Under 42 U.S.C. § 405(g), Congress provided for judicial review of the Commissioner's decision to deny a complainant's application for Disability Insurance Benefits. Ventura v. Shalala, 55 F.3d 900, 901 (3d Cir. 1995). A reviewing court must uphold the Commissioner's factual decisions where they are supported by "substantial evidence." 42 U.S.C. §§ 405(g), 1383(c)(3); Fargnoli v. Massanari, 247 F.3d 34, 38 (3d Cir. 2001); Sykes v. Apfel, 228 F.3d 259, 262 (3d Cir. 2000); Williams v. Sullivan, 970 F.2d 1178, 1182 (3d Cir. 1992). Substantial evidence means more than "a mere scintilla." Richardson v. Perales, 402 U.S. 389, 401 (1971)(quoting Consolidated Edison Co. V. NLRB, 305 U.S. 197, 229 (1938)). It means "such relevant evidence as a reasonable mind might accept as adequate to support a conclusion." Id. The inquiry is not whether the reviewing court would have made the same determination, but whether the Commissioner's conclusion was reasonable. See Brown v. Bowen, 845 F.2d 1211, 1213 (3d Cir. 1988).
A reviewing court has a duty to review the evidence in its totality. See Daring v. Heckler, 727 F.2d 64, 70 (3d Cir. 1984). "[A] court must 'take into account whatever in the record fairly detracts from its weight.'" Schonewolf v. Callahan, 972 F. Supp. 277, 284 (D.N.J. 1997) (quoting Willbanks v. Secretary of Health & Human Servs., 847 F.2d 301, 303 (6th Cir. 1988) (quoting Universal Camera Corp. V. NLRB, 340 U.S. 474, 488 (1951)).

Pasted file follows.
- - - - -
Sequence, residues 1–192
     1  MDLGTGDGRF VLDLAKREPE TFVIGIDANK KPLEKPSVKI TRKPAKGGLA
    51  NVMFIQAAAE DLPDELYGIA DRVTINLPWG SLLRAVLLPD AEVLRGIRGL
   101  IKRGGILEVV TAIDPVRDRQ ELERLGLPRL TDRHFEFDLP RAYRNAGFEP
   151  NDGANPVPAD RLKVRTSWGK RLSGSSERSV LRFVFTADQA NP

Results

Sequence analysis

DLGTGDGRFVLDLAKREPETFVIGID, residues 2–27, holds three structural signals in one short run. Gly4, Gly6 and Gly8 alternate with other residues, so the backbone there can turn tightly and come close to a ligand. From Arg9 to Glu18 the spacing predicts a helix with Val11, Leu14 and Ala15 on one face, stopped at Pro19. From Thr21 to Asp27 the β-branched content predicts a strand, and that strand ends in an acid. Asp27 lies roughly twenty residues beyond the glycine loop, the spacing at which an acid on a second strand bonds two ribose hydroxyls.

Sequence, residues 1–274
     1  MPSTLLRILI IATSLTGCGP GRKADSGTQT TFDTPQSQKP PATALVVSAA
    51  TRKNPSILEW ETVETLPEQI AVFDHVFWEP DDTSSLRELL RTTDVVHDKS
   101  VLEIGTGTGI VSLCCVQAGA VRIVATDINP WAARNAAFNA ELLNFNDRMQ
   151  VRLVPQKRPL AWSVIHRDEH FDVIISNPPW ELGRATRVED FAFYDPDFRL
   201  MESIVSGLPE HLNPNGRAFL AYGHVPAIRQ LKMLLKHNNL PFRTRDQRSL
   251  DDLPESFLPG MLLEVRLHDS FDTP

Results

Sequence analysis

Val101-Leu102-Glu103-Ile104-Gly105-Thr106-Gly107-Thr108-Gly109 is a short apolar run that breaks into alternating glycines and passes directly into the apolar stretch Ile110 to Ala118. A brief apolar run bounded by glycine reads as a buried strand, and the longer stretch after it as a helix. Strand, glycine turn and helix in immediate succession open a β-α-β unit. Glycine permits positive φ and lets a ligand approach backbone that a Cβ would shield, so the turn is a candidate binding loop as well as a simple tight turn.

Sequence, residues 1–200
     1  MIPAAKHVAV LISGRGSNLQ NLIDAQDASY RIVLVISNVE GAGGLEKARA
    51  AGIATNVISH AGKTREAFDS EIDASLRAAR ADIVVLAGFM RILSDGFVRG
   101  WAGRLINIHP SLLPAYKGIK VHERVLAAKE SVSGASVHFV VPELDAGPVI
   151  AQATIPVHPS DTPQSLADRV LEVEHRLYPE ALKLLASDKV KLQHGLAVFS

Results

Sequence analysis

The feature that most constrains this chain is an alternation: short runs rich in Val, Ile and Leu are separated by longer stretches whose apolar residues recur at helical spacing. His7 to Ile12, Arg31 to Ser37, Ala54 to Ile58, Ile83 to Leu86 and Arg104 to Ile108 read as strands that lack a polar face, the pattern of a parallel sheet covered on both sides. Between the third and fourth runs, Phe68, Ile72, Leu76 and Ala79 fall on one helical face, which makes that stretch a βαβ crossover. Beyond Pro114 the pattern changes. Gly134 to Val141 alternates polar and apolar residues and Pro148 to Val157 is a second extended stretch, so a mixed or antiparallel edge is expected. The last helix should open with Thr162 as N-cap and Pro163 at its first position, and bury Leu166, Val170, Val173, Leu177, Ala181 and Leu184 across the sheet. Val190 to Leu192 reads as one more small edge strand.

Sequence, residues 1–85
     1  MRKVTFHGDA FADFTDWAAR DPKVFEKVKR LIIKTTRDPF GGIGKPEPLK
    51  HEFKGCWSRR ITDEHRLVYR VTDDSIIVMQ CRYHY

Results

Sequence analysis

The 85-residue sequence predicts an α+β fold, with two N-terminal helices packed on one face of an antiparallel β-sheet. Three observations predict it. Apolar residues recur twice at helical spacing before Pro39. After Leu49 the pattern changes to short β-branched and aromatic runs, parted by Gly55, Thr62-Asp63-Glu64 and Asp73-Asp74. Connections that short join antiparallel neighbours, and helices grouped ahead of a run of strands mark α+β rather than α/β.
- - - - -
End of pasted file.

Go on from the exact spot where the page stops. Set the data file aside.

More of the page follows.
The Commissioner "must adequately explain in the record his reasons for rejecting or discrediting competent evidence." Ogden v. Bowen, 677 F. Supp 273, 278 (M.D. Pa. 1987) (citing Brewster v. Heckler, 786 F.2d 581 (3d Cir. 1986)). The Third Circuit has held that an "ALJ must review all pertinent medical evidence and explain his conciliations and rejections." Burnett v. Comm'r of Soc. Sec. Admin., 220 F.3d 112, 122 (3d Cir. 2000). Similarly, an ALJ must also consider and weigh all of the non-medical evidence before him. Id. (citing Van Horn v. Schweiker, 717 F.2d 871, 873 (3d Cir. 1983)); Cotter v. Harris, 642 F.2d 700, 707 (3d Cir. 1981).
The Third Circuit has held that access to the Commissioner's reasoning is indeed essential to a meaningful court review: